One of the coolest parts of coaching is the interpersonal relationship that develops between coach and client. Yet clients often continue to work with a particular coach long after the power of their coaching relationship has ebbed. So it’s always a good idea to regularly assess where you are with your coach and consider what might make the relationship even more beneficial for you. Maybe all that’s needed is a little tweaking here or there.

But it may also be that it’s getting to be time for you to make a change.

Telltale Signs That It May Be Time For A Change

So how can you tell? Well to be sure, you’ll need just the right mix of intuition, mood and consideration. To help, though, here are some telltale signs you may want to look for:

  • The reasons for hiring your coach to begin with are no longer as relevant as they once were
  • You’re wanting to work with more of a specialist
  • The energy you get from your coaching session isn’t lasting as long as it used to
  • You’re not pushing yourself as much as you used to – and you miss that
  • It’s been a while since you’ve had a major developmental leap or gained new insight or understanding about yourself
  • You’re thinking that you’d rather be your coach’s friend than client
  • The program you’re enrolled in is nearing conclusion

If a few of these items hit home for you, it doesn’t necessarily mean that it’s time to quit working with your coach. And if you’ve got mixed feelings about making such a move, clearly you ought to talk with your coach about what you’ve realized. But say you now realize that it really IS time to make a change. What’s next?

Taking the Next Step

  • Make the decision on your own. Although your coach (and colleagues) can certainly help you work through the question, it is something that you ultimately have to decide for yourself
  • Don’t try and find a new coach before informing your current one. It’s about you being ready for a change, not about comparing one coach to another, so go one step at a time
  • Let your coach know. If you’re ready for a change, just say so. After all, your relationship is built on trust and honest disclosure and all coaches know that this conversation is an inevitable part of working together
  • As a show of respect, tell your coach about the value you’ve received from working together and help him/her see why it’s now time to move on
  • Agree to spend a month (or whatever) finishing up your work together. Maybe there’s something you want to circle back on; maybe your coach has a ‘completion’ process s/he’d like you to go through. Finish up with a smile and head held high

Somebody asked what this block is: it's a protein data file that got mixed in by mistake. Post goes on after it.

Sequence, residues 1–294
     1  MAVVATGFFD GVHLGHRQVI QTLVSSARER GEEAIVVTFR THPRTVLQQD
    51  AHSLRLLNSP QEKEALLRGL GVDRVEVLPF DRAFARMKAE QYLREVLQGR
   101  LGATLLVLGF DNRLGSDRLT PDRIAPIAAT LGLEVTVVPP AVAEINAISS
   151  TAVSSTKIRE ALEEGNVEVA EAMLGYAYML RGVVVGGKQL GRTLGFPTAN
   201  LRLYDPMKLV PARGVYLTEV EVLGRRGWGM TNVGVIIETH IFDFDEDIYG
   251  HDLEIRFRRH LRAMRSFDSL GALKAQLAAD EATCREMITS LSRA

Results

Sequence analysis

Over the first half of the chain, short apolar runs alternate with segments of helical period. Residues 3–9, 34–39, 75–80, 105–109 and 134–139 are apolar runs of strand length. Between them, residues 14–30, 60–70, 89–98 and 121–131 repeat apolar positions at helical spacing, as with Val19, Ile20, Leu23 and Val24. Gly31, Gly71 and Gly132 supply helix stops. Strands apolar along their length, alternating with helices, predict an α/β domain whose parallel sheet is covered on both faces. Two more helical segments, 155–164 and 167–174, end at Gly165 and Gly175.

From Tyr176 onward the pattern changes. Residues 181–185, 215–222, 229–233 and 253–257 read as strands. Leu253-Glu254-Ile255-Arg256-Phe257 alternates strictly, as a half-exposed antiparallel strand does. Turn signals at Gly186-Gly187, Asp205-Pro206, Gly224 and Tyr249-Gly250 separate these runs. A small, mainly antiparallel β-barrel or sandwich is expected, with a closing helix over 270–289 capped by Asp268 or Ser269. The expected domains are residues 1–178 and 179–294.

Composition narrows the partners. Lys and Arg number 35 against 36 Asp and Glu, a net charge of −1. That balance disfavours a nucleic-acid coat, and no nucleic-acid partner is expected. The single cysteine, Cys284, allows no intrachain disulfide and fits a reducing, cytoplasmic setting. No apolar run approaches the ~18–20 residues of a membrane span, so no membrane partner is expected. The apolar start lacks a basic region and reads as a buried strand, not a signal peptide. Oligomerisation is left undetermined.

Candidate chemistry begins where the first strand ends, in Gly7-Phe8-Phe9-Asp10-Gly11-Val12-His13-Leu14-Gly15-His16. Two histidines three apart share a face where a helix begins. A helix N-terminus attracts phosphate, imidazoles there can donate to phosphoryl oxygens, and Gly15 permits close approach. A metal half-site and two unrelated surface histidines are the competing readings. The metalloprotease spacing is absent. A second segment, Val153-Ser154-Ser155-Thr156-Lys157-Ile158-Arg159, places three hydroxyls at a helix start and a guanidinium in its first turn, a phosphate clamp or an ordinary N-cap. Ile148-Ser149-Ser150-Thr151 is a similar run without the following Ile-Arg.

• Get over any residual guilt feelings you may have. While, yes, your decision does affect your coach, it’s more about what’s best for you – after all, you’re the one paying. And your coach already knows that sometimes what’s best IS change. So celebrate your growth and readiness to take some bigger strides. Own the personal growth that this implies.

If your coach is cool, you’ll feel validated in having made a difficult – but appropriate – decision.

Next up: finding a new coach to work with.

Finding Your Next Coach

  • First, get clear on what you want your next set of goals and objectives to be. Think through the makings of that next big challenge of yours and what type of support would serve you best
  • Then, ask friends and colleagues what they like about their coaches. Not so much to see if their coaches would be a good match for you – which they might, by the way – but more so to reacquaint yourself with some of the language you can use in making your own assessments
  • Check out coach referral sites. The International Coach Federation has one and so do all the major coaching schools
  • Talk with several coaches before making a selection. Take advantage of any offer for a complementary sample session. They’re a great way to experience how a coach coaches
  • Consider your choices: How aligned are your personalities? Who had the biggest impact on you? Who made/helped you think the most? What emotional energy did you get from talking with each of them? Whose style of coaching and support feels best?
  • Make your selection and don’t look back – not for a while, anyway.

Now it may be time for you to change coaches. But then again, maybe it’s not. The important thing is that you make that determination by choice and not just by default.

I originally wrote this article in 2002. It was originally carried by the Association of Coaching & Consulting Professionals, The Coaching Zone, and the Online Consultancy Network – none of which, sadly, seem to be around anymore. I decided to republish it here as a tie-in to a LinkedIn comment I recently posted.

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